If you just do a straight compare, case is not taken into account.  So, we need to somehow compare the actual character values of these.  It turns out that if we cast them to varbinary values, the uppercase letters do get different values than the lowercase letters that we can compare and determine the difference.

So, in my case, I decided that if the first character was in lower case or the second character was in upper case, I was probably dealing with a name that was in either all caps or all lowercase.  This is how I tested for that:

SELECT *
FROM Person
WHERE CAST(SUBSTRING(LastName, 1,1) as varbinary) = CAST(SUBSTRING(LOWER(LastName), 1,1) as varbinary)
	OR CAST(SUBSTRING(LastName, 2,1) as varbinary) = CAST(SUBSTRING(UPPER(LastName), 2,1) as varbinary)

Basically, it checks to see if the varbinary representation of the first character is equal to the varbinary representation of the uppercase value of that character OR if the varbinary representation of the second character is equal to the varbinary representation of the lowercase of that character.

This allowed me to focus in on converting only the names that were not already in mixed case/camel case.

This also works well in a function:

CREATE FUNCTION [dbo].[IsUpperCase]
(
	-- Add the parameters for the function here
	@Char char
)

RETURNS BIT WITH SCHEMABINDING
AS
BEGIN

	DECLARE @IsUpperCase BIT

	if (CAST(@Char AS VARBINARY) = CAST(UPPER(@Char) AS VARBINARY))
		SELECT @IsUpperCase = CAST(1 AS BIT)
	ELSE
		SELECT @IsUpperCase = CAST(0 AS BIT)

	RETURN @IsUpperCase
END

CREATE FUNCTION [dbo].[IsLowerCase]
(
	-- Add the parameters for the function here
	@Char char
)

RETURNS BIT WITH SCHEMABINDING
AS
BEGIN

	DECLARE @IsLowerCase BIT

	if (CAST(@Char AS VARBINARY) = CAST(LOWER(@Char) AS VARBINARY))
		SELECT @IsLowerCase = CAST(1 AS BIT)
	ELSE
		SELECT @IsLowerCase = CAST(0 AS BIT)

	RETURN @IsLowerCase
END

Handy ASP.NET Debug Extension Method

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Most of the programmers I know (myself included) don’t bother with the built in Visual Studio debugging tools. They are slow and resource intensive. Usually, its more efficient to just do one or more Response.Write calls to see key data at key steps.

That can be a hassle, though. Most objects don’t print very well. You have to create a loop or write some LINQ/String.Join to write items in a collection.

Inspiration struck – couldn’t I write an extension method on object to write out a reasonable representation of pretty much anything? I could write out html tables for lists with columns for properties, etc.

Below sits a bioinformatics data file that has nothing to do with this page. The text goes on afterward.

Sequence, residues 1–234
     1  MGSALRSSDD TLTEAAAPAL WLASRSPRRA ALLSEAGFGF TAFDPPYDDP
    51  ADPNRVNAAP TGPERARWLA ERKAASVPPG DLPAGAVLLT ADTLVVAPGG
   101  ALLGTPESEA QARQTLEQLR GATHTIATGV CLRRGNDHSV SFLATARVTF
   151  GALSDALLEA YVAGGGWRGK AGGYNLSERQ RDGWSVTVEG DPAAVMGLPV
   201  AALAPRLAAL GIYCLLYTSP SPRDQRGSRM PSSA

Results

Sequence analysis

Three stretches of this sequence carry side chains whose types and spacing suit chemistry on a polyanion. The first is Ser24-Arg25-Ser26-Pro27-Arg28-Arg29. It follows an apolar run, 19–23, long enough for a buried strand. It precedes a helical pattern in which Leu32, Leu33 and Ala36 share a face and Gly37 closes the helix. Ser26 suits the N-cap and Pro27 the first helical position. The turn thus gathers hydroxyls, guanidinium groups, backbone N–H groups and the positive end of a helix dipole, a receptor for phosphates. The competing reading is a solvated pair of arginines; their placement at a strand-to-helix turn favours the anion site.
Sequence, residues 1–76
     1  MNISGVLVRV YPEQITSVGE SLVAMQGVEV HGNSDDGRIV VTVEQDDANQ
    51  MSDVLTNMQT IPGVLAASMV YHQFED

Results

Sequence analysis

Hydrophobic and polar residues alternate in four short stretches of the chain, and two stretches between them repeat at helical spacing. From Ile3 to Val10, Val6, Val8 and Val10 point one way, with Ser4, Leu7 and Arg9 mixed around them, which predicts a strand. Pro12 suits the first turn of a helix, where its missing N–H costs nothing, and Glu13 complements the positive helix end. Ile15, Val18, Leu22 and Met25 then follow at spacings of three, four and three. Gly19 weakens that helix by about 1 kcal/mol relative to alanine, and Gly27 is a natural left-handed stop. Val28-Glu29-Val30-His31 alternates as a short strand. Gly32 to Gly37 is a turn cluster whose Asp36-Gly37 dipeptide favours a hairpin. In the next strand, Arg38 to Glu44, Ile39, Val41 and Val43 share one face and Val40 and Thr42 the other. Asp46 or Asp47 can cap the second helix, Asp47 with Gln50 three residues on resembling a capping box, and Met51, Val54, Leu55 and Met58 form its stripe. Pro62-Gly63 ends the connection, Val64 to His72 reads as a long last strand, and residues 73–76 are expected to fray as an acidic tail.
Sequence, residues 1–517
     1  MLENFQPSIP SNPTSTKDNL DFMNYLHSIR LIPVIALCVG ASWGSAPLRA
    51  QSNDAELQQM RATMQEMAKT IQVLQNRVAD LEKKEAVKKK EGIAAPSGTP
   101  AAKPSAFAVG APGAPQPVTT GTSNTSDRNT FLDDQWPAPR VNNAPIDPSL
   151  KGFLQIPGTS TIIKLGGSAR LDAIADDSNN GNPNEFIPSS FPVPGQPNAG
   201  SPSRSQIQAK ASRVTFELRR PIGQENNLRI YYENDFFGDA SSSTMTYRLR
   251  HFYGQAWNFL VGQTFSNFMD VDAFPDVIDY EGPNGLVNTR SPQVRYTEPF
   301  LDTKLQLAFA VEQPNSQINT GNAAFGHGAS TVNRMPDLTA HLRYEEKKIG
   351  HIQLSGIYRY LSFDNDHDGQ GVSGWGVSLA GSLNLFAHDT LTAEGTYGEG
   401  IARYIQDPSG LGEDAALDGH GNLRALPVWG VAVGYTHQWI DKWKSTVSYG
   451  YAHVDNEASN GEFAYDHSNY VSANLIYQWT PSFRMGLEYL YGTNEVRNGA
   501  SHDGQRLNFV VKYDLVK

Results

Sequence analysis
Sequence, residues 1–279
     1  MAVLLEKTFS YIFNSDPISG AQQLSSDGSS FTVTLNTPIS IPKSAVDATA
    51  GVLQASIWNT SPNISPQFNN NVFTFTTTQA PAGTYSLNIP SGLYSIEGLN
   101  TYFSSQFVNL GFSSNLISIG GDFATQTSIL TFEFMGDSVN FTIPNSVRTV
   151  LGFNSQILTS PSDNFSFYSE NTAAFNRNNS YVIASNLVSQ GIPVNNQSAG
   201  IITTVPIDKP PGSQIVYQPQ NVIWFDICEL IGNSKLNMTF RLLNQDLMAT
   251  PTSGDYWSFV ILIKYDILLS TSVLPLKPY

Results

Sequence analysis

Then I thought – I love the javascript debug console in firebug. I can drill down into individual items without being overwhelmed by all of the data at once. Why not have my debug information spit out javascript to write to the debug console? That also keeps it out of the way of the rest of the interface.

Here’s the code:

public static void Debug(this object value)
        {
            if (HttpContext.Current != null)
            {
                HttpContext.Current.Response.Debug(value);
            }

        }

        public static void Debug(this HttpResponse Response, params object[] args)
        {

            new HttpResponseWrapper(Response).Debug(args);
        }
        public static void Debug(this HttpResponseBase Response, params object[] args)
        {

            ((HttpResponseWrapper)Response).Debug(args);
        }
        public static void Debug(this HttpResponseWrapper Response, params object[] args)
        {

            if (Response != null && Response.ContentType == "text/html")
            {
                Response.Write("<script type='text/javascript'>");
                Response.Write("if(console&&console.debug){");

                Response.Write("console.debug(" +
                              args.SerializeToJSON() +
                               ");");
                Response.Write("}");
                Response.Write("</script>");
            }
        }

The various overloads allow:

myObject.Debug();
new {message="test",obj=myObject}.Debug();
Response.Debug("some message",myObject,myObject2);
//etc

The only other thing you’ll need is the awesome JSON.NET library for the .SerializeToJSON() call to work (which turns the .NET object into the form javascript can deal with). Get it here. FYI, the library does choke serializing some complex objects, so occasionally you’ll need to simplify before calling debug.